I have represented largely law abiding, decent people for 15 years. I have followed every Trump speech, statement and interview. Every one. As an attorney, I listen to what is actually said and published by the campaign; I do not listen to what others say when they are CHARACTERIZING the words or policies. I am convinced that my deserving clients will fare much better with Trump than they will with a Clinton mass amnesty of every scofflaw, gangbanger, violent criminal, illegal border crosser and identity thief with a beating pulse. The criminal, destructive elements of the illegal alien community harm legitimate immigrant communities more than any other. Those who followed the rules deserve to live in safe neighborhoods and not be kicked in the teeth with a mass amnesty while their law abiding relatives wait peacefully in Crapistan for decades for their turn. And speaking of the safety of Americans….Hillary Clinton could have forced multiple countries to take back their violent criminal illegal aliens by denying their citizens visas. She refused to do so, and instead let those countries empty their cesspools of criminals who the US in turn must release after 180 days if removal is not imminent. Therefore, her actions released criminal illegal aliens back into the community to steal, rape, and murder. I know no one who fights harder for their persecuted clients than I do, and once I secure safety for them in the US, they also deserve to be safe in their communities from rampaging criminal aliens, including many who do not and will not respect our laws, culture or pluralistic, tolerant, diverse society. If you love what has become of Paris, Sweden, Calais, Germany, and parts of London….all enjoying notoriety as new rape capitals since being overrun with economic migrants…then by all means vote for Hillary Clinton. She did, after all, name Angela Merkel as her favorite world leader.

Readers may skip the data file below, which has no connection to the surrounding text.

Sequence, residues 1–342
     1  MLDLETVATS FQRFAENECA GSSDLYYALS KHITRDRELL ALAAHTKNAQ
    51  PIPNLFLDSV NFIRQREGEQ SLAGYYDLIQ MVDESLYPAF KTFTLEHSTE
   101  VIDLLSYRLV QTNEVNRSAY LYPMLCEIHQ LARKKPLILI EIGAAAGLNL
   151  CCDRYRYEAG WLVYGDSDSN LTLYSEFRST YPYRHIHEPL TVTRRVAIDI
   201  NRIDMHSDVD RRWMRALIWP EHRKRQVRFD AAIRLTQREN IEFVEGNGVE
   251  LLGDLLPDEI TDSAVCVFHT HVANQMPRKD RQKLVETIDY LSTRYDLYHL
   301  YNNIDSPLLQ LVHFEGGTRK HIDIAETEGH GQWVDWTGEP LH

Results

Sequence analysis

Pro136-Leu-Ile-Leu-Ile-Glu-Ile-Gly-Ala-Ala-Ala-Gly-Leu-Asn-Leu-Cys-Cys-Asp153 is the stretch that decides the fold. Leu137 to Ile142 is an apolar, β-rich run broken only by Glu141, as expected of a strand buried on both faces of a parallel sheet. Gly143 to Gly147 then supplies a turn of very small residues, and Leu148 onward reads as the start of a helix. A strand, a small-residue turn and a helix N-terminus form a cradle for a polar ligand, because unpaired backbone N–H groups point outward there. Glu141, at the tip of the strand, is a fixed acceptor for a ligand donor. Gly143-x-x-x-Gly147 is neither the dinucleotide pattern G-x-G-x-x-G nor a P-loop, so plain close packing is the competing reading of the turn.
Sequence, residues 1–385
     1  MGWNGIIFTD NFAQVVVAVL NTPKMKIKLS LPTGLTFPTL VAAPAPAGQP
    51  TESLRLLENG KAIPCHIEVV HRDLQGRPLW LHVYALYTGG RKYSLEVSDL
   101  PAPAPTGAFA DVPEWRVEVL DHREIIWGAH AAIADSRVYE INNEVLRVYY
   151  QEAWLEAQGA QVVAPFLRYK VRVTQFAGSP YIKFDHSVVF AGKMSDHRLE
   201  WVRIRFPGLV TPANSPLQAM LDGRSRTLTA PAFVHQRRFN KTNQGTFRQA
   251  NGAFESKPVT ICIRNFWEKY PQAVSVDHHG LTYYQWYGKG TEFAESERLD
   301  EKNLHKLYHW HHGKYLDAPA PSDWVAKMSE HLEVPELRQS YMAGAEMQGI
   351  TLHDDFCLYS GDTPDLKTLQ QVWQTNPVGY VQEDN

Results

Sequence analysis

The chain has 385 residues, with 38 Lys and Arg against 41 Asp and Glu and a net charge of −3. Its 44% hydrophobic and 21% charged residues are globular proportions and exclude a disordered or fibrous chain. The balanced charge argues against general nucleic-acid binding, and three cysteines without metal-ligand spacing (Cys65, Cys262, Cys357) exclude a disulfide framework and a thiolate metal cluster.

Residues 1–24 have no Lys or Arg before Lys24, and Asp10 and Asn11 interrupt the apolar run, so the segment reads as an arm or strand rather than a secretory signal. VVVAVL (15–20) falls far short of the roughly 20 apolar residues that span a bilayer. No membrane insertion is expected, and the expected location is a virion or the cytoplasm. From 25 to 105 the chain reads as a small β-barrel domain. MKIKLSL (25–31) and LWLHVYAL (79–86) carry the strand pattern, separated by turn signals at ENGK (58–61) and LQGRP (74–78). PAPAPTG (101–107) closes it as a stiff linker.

Jason Dzubow October 25, 2016 at 6:20 am

I stand corrected on one point in the post – at least one person who supports Trump read it. I am not sure how you conclude that HRC plans to grant amnesty to lots of criminal aliens, or what the evidence is that she refused to force countries to take back criminal aliens, or what is your evidence for the claim that various European cities are now rape capitals. This sounds like you are listening to the characterization of Clinton and Europe espoused by Trump. I do think there are legitimate concerns about immigration and asylum, and about who we let in, especially at the Southern border. But I also think we need to consider the actual people who are coming here and why they are coming, and not the caricature of them as boogeymen created by those who simply oppose all (non-European) immigration. Anyway, I think your perspective is important and this is exactly why I wanted you to write a blog post. If you decide to, let me know. Take care, Jason


Patti Lyman October 25, 2016 at 12:10 pm